HMS Mauritius, pennant C80, was a Crown Colony-class light cruiser of the Royal Navy. She was…

HMS Mauritius, pennant C80, was a Crown Colony-class light cruiser of the Royal Navy. She was named after Mauritius, which was a British colony when she was built. Built by Swan Hunter, Newcastle upon Tyne, she entered service in 1941.

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HMS Marlborough was an Iron Duke-class battleship of the Royal Navy, named in honour of John…

HMS Marlborough was an Iron Duke-class battleship of the Royal Navy, named in honour of John Churchill, 1st Duke of Marlborough, and launched in 1912. In World War I she served in the 1st Battle Squadron of the Grand Fleet based at Scapa Flow. She fought at the Battle of Jutland, 31 May 1916, where she was hit by a torpedo, killing two and injuring two.

In 1919, in the Russian Civil War, Marlborough was on duty in the Black Sea and, on orders of King George V, rescued his aunt, Dowager Empress Maria Feodorovna, and other members of the Russian Imperial Family, including Grand Duke Nicholas and Prince Felix Yusupov.

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HMS Lowestoft (F103) – Wikipedia, the free encyclopedia

HMS Lowestoft (F103) – Wikipedia, the free encyclopedia

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HMS Lowestoft was a Rothesay or Type 12 class anti-submarine frigate of the British Royal Navy. Lowestoft was sunk as a target on 8 June 1986 by HMS …

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Etruria was a protected cruiser of the Italian Regia Marina (Royal Navy) built in the 1890s. She…

Etruria was a protected cruiser of the Italian Regia Marina (Royal Navy) built in the 1890s. She was the third of six vessels of the Regioni class, all of which were named for current, or in the case of Etruria, former regions of Italy.[1] The ship was equipped with a main armament of four 15 cm (5.9 in) and six 12 cm (4.7 in) guns, and she could steam at a speed of 18 knots (33 km/h; 21 mph).

Etruria spent her early career with the main fleet in the Mediterranean Sea. In the early 1900s, she spent much of her time in North and South American waters; she visited the United States for the Jamestown Exposition and the Hudson-Fulton Celebration in 1907 and 1909. The ship took part in the Italo-Turkish War of 1911–12, primarily by providing gunfire support to Italian troops in North Africa.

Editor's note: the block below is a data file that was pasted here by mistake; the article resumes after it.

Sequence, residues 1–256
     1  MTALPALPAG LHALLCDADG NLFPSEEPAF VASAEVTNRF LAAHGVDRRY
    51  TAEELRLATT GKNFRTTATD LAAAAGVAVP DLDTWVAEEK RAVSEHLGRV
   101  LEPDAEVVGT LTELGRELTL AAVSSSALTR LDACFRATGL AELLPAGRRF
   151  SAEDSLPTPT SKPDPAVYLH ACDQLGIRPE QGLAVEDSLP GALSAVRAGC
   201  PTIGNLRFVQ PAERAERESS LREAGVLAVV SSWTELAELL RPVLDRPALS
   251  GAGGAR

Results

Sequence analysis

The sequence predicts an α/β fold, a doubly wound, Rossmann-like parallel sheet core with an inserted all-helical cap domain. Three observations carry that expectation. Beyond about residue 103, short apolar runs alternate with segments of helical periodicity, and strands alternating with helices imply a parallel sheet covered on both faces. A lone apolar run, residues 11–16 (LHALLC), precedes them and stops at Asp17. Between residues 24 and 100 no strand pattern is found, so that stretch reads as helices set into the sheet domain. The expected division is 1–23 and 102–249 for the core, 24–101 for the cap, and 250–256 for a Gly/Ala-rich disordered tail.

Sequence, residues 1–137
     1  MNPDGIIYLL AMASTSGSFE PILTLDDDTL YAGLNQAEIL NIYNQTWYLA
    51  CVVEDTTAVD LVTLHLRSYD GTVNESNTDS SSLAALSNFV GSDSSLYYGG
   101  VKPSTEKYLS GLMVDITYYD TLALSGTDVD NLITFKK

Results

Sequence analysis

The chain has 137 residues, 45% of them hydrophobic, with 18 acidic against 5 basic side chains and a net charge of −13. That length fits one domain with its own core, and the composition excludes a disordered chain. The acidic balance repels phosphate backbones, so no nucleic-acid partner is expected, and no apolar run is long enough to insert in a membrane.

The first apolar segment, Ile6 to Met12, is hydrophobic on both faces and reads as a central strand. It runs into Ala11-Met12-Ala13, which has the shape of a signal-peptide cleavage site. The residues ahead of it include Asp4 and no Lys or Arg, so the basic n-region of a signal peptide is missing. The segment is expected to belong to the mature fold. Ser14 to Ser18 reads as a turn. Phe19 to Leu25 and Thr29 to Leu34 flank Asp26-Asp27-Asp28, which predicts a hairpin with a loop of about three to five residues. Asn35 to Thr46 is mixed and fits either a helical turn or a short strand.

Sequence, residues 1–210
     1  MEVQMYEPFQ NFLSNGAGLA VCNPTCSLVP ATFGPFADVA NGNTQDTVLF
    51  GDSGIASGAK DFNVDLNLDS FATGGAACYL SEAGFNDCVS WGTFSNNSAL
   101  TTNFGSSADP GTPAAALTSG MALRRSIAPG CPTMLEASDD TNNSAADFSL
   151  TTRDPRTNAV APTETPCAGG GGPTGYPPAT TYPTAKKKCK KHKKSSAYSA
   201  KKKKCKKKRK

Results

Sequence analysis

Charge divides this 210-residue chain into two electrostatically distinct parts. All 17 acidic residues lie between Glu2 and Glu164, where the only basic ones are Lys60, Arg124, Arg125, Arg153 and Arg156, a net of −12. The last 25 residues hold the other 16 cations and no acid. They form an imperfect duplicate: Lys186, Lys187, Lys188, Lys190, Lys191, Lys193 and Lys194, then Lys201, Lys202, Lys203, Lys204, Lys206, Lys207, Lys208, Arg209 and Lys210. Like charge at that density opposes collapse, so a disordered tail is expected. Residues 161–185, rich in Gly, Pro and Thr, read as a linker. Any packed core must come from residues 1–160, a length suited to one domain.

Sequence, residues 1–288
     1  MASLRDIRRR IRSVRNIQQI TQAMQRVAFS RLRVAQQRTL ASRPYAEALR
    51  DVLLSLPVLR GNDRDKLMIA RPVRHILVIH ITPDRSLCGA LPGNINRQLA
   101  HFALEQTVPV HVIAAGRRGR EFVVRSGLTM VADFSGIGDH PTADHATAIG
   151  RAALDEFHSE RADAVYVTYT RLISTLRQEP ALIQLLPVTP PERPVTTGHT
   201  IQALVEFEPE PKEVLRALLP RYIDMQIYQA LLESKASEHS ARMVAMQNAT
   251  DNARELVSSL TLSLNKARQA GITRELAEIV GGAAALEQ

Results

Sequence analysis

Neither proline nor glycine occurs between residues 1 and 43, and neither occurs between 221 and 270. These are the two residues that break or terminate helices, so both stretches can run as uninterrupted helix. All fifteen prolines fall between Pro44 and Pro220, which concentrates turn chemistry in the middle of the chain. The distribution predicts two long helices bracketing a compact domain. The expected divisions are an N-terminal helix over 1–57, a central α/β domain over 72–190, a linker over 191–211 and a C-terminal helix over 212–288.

Reduced to a training ship by World War I, Etruria was deliberately sunk by the Regia Marina in Livorno to convince Austria-Hungary that its espionage network had not been compromised by double agents.

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The second USS England (DLG/CG-22), a Leahy-class guided missile cruiser, was a ship of the…

The second USS England (DLG/CG-22), a Leahy-class guided missile cruiser, was a ship of the United States Navy named in honor of Ensign John C. England. Originally called a “destroyer leader” or frigate, in 1975 she was re-designated a cruiser in the Navy’s 1975 ship reclassification.

Ensign John Charles England was born in Harris, Mo., on 11 December 1920. He attended Pasadena City College, in Pasadena, California and was on the pep-squad there. He enlisted in the Naval Reserve on 6 September 1940 and was commissioned ensign on 6 June 1941. On 3 September 1941 he reported for duty on the USS Oklahoma (BB-37) and was killed three months later while saving others aboard during the Japanese attack on Pearl Harbor on 7 December 1941.

CG/DLG-22 was the second USS England. The first was USS England (DE-635), the ship that sank six enemy submarines in 12 days in May 1944. That act caused the Chief of Naval Operations, Admiral Ernest King, to declare “There’ll always be an England in the United States Navy.” DE-635 was decommissioned in 1945.

To fulfill Admiral King’s promise, USS England DLG-22 was built by Todd Shipbuilding. The keel was laid on 4 October 1960, launched 6 March 1962, and commissioned on 7 December 1963. Her designation was changed in 1976 to CG-22 at Bremerton Naval Shipyard during an overhaul.

USS England served in every major Pacific engagement from Vietnam to Desert Storm, from rescuing pilots, performing as plane guard or picket, to showing force around the globe. The USS England was awarded the Navy Unit Commendation Ribbon for supporting search and rescue operations in the Gulf of Tonkin from 3 January to 6 June 1966.[1]

USS England was awarded the Navy Unit Commendation a final time for actions performed 2 August to 16 August 1990. As the leading Naval Warship in the region, England assumed primary shipping interdiction and air defense roles while forces were mobilized to support what would become Operation Desert Shield. She was decommissioned on 21 January 1994, mothballed in the Suisun Bay for ten years and later scrapped in 2004.

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HMS Erin was a dreadnought battleship of the Royal Navy which was originally built in response…

HMS Erin was a dreadnought battleship of the Royal Navy which was originally built in response to an order placed by the Ottoman government with the British Vickers company. She was intended, when accepted for service in the Ottoman Navy, to be named Reşadiye. The Ottoman intention was to procure a battleship which was at least the equal of any other ship currently afloat or building.[1] The design was based on that of King George V, but with some features of Iron Duke. In 1914, when the First World War broke out the ship was nearly completed; at the orders of Winston Churchill, the First Lord of the Admiralty, she was seized for use by the Royal Navy.

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